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Debt Ceiling: Md. Treasurer On State Impacts Of A Federal Default

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Maryland State Treasurer Nancy Kopp spoke with WAMU about the possible effects of a federal government default July 28.
Nathasha Lim
Maryland State Treasurer Nancy Kopp spoke with WAMU about the possible effects of a federal government default July 28.

Maryland and Virginia are among five states to be placed on a credit watch by one of the three major bond ratings agencies. Moody's Investor Services says it might lower Maryland's bond ratings if the federal government rating is downgraded first.

Maryland recently sold $500 million in bonds, which was a big victory for the state, Kopp says. "I must admit candidly, it the midst of everything going on Washington, it made me a little nervous, but in fact, we did better than almost any other time," Kopp says.

However, Moody's ratings put Maryland, Virginia, and three other AAA-rated states on what's known as the review list, due to the federal government's inability to deal with the debt ceiling issue and the long-term debt issue.

According to Kopp, Maryland and Virginia have been rated AAA for half a century or more, and a major part of the local economy is attributed to number of federal jobs in the area. She says that's what distinguishes Maryland and Virginia from other states.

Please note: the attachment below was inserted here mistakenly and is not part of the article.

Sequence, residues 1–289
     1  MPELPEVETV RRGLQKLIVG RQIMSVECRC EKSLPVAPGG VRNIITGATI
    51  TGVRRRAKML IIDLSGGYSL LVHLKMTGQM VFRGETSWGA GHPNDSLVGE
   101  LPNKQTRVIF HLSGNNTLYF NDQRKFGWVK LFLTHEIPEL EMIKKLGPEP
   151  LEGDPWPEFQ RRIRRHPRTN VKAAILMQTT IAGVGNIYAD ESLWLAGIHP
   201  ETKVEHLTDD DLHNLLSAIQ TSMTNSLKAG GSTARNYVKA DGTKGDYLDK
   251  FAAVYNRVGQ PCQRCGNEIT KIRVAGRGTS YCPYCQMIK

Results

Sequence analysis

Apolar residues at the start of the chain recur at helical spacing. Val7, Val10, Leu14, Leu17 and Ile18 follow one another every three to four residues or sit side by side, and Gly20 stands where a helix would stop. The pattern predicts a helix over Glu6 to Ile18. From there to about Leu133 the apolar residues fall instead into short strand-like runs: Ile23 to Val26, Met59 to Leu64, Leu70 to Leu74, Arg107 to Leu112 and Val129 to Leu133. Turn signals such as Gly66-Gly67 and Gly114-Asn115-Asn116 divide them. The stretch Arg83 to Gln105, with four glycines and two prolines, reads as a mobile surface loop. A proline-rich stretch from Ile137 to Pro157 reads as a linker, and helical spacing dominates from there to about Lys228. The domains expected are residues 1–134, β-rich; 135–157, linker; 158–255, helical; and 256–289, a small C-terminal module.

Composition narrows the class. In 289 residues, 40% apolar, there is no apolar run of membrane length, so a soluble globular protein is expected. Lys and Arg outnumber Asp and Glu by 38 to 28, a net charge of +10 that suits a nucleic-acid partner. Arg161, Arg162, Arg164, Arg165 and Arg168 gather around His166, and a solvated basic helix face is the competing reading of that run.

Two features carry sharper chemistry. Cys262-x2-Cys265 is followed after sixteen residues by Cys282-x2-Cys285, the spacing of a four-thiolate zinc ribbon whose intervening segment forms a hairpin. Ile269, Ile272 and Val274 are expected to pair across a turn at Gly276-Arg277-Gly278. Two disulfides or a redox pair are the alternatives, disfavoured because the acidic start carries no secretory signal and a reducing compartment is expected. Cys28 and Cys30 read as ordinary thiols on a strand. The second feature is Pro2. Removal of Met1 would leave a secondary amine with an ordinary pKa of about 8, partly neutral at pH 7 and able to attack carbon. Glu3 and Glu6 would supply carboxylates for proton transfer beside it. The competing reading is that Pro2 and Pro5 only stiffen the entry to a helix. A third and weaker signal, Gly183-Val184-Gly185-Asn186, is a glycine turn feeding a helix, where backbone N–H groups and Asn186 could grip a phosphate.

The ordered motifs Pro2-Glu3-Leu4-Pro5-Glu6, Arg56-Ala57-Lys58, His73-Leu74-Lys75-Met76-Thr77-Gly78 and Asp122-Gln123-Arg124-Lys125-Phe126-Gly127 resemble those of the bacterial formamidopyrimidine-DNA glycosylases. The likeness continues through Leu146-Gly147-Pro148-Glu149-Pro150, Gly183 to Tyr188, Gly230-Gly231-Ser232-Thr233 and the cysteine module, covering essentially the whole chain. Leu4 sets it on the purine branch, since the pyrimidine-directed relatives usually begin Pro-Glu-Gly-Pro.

Maryland has always been aware of the pros and cons of having a large federal presence, however, she adds. That Washington hasn't been able to come to a decision about the debt ceiling is surprising.

"This has not happened before. This is what rating agencies say is new: one, it throws a cloud on the confidence people have in public debt -- state and federal," she says. "And second: if they start dealing with it the way some folks in Congress want to and just slash the budget, what impact does that have?"

She points out that Maryland and Virginia are actually better off than some other states.

"In terms of direct federal aide, it's actually a smaller part of our budget than it is of many states. But still it's about 25 percent of our budget," she says. "Most of that, for Medicaid, for health, and for roads, transportation and public transportation. If that's where the cuts are, that means layoffs, jobs gone, and that means a reduced effort in our infrastructure."

Looking down the road, a downgrade of Maryland's credit rating could affect public confidence and the public's view in the state's ability to manage the public's funds, according to Kopp.


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